Differentiation further warps the regular demands of life by having the teacher shape reality to meet the student. Beginning around the year 2013, college campuses started promoting a culture of safety; instructors were directed to provide trigger warnings and safe spaces. It is important to note that these changes did not occur in a vacuum. While there are certainly other factors that enabled this intellectual and emotional failure to launch, the rise of DI in the previous decade conditioned these students to believe that it is the job of teachers and schools to adjust to their needs. Many areas in life are not so malleable, of course, and thus differentiation has given them a false sense of reality. Today's students will change jobs and careers more often than their parents' generation, and they will need to deal with the uncertainty caused by disruptive innovations eliminating some careers and creating new ones. They need to have a greater ability to adjust in bewildering situations. They require the grit and inner resolve to handle the unexpected and adapt.

Yet students today are not simply unprepared for their upcoming emotional challenges; they are not even aware of them. By promoting student choice as an essential component of the learning process, as opposed to teaching the responsibility that comes with choice, differentiation robs students of wisdom and maturity. Students get the impression that they themselves know best, and that adults do not have much valuable advice to offer. DI's emphasis on student autonomy ultimately undermines the value of authority in students' eyes.

Beyond stunting academic progress and student maturation, differentiation also espouses some of the most divisive features of our current political environment — namely, postmodernism and identity politics. The underlying assumption of differentiation is that all students have the same ability to succeed. Proponents therefore believe that when equity of outcomes is not achieved, it must be because the educational system is structured in a way that is helpful to some students and detrimental to others. Differentiation seeks to remedy this institutionalized discrimination by changing the system. Given that each student has an area of relative talent, teachers should enable learning to occur in line with that student's talent. With the right adjustment, a student who has strong language skills should perform just as well as the student who calculates more easily. As Rick Wormeli's popular book Fair Isn't Always Equal notes, "Differentiated instruction teachers do what's fair." DI's methods have certainly enabled and encouraged the creation of culturally diverse and intellectually inclusive classrooms. But by focusing exclusively on diversity, inclusion, identity politics, and equity of outcomes, schools ignore the real costs to students in terms of academic achievement and emotional development.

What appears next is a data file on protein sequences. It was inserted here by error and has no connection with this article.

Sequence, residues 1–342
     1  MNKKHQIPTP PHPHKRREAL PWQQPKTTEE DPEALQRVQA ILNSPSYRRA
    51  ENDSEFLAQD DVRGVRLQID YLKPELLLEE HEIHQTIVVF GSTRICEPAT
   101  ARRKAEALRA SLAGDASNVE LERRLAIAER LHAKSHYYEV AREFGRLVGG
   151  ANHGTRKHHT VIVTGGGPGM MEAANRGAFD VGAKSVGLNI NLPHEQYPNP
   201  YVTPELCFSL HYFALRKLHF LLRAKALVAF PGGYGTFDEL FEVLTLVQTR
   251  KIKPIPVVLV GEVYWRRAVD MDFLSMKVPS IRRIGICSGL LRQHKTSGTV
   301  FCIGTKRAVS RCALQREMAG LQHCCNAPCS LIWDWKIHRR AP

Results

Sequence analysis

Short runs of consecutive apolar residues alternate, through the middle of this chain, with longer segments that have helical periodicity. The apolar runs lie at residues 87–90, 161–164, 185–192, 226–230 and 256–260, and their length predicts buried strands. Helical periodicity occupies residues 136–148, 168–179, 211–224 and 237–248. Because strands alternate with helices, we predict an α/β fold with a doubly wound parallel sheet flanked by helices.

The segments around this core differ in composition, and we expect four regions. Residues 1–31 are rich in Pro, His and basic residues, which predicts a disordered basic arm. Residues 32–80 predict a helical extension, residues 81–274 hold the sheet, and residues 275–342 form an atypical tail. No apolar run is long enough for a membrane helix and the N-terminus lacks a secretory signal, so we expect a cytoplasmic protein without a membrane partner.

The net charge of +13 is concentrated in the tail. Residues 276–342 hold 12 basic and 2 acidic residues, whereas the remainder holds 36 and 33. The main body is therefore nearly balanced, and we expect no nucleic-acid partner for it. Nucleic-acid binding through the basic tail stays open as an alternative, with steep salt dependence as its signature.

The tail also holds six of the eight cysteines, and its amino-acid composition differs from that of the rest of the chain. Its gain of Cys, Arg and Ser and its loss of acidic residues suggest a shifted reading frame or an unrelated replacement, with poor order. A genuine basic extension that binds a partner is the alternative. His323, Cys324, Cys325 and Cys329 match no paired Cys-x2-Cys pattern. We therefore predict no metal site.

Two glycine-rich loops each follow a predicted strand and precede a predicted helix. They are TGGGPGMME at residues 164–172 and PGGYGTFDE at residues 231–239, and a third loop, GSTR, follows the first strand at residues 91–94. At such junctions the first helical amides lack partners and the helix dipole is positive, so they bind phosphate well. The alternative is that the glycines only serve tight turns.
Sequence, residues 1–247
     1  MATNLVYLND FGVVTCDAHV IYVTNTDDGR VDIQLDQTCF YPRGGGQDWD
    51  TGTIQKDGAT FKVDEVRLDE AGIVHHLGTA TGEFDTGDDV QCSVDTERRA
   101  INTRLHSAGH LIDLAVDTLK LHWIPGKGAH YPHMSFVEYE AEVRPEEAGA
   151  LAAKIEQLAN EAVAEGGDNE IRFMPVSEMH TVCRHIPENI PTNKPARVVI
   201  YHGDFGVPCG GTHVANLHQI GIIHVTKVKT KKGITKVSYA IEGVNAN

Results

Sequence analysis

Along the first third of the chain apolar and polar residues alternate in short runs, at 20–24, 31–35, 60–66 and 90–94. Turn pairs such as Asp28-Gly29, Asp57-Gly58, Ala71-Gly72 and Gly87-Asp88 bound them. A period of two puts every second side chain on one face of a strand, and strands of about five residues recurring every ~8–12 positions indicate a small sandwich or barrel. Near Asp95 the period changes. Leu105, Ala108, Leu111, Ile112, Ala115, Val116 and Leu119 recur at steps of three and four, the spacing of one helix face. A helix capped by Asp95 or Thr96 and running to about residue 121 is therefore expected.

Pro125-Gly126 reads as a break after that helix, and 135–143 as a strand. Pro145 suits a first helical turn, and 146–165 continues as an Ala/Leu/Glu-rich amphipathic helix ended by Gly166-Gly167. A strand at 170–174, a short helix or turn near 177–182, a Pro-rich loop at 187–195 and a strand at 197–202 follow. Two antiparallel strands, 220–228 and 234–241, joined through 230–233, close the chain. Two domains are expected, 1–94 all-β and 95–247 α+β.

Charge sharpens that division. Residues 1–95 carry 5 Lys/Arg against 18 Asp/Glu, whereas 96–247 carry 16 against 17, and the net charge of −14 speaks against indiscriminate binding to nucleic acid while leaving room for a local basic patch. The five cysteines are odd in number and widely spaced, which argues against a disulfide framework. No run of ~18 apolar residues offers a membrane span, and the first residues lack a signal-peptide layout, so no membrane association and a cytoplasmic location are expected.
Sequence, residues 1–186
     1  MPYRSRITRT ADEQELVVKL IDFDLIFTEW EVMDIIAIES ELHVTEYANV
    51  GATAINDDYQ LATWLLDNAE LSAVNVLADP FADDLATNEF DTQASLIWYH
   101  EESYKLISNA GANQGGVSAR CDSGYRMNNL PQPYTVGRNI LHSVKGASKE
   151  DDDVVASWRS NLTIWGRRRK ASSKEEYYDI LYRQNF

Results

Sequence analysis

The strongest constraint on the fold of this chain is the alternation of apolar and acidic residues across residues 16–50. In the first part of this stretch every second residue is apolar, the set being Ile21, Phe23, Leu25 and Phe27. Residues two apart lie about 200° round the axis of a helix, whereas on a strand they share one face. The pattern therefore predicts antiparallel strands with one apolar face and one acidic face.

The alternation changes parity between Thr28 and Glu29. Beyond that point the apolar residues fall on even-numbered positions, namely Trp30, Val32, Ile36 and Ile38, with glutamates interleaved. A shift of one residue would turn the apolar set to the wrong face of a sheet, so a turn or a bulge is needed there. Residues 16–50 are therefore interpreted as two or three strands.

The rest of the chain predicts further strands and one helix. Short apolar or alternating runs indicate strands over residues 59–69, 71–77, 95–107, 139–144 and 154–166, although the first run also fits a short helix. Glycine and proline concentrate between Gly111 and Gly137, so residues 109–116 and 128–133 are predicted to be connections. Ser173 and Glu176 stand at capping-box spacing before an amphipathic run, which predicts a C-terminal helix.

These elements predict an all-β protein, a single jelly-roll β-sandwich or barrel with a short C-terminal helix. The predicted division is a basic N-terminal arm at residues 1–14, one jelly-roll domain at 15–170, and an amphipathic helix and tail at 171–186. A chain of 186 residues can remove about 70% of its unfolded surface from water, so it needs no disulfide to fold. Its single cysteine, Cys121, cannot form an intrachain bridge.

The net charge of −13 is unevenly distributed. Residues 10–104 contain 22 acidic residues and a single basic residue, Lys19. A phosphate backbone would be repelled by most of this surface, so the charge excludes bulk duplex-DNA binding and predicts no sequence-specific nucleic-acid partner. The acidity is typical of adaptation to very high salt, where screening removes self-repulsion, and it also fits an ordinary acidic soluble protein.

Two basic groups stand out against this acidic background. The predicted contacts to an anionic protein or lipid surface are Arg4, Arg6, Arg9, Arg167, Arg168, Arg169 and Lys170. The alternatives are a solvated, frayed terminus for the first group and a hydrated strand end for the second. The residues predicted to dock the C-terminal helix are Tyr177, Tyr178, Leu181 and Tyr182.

The influence of identity politics can also be observed in DI's use of gender and culture as main ingredients to determine a student's learning profile. While there certainly appear to be differences between the genders regarding professional interests, these are general trends that do not capture the inclinations of each student. By adjusting student learning to conform to stereotypes, differentiation tries to restrict the freedom of individuals to choose who they become.


Holding a high-school diploma correlates with a lifetime of higher salaries and better job opportunities, and differentiation enables more students to graduate. But assuming that a high-school diploma will automatically produce better economic prospects confuses correlation and causation. Graduation does not cause the higher salary; it is the knowledge and skills learned in high school that enable a student to succeed in the workforce and in college. A student with a diploma but without the necessary skills will lose the job or drop out of college.  

In Good to Great and the Social Sectors, Jim Collins emphasizes that many organizations confuse inputs and outputs, and mistakenly judge success based on inputs. He offers two examples. Though the desired output of police work is less crime, some police departments use the input of closed cases as the metric of success. Likewise for a symphony: The output is a great musical performance, but its quality is too often judged by ticket sales, an input. The easiest way to define outputs is the desired lasting impact. Inputs are simply the ingredients that enable the creation of the output. Evaluating success should not be based primarily on inputs, but on whether the actual outputs match the intended ones. 

Because schools are part of larger education, employment, and societal systems, a primary output of educational institutions is academic and social-emotional preparedness for a student's next step, whether that be employment or another type of school. In a school, time is an input, as are students and teachers. Even homework and student choice are inputs, and we cannot judge success based on them. Of course, the proper inputs lead to the intended outputs, but determining the right amount and balance of inputs can be realized only when the desired output is clear; success or failure is measured by the quality of output, which is determined by the level of student preparedness.

Likewise, the inputs of time in school and credits earned correlate with educational success, but they do not determine the output of learning and preparation. In the current system, in order to graduate, all students invest the same amount of time in the classroom regardless of their level of achievement and how much they learn. The student who receives a C and the student who earns an A are awarded the same number of credits and are granted the same diploma.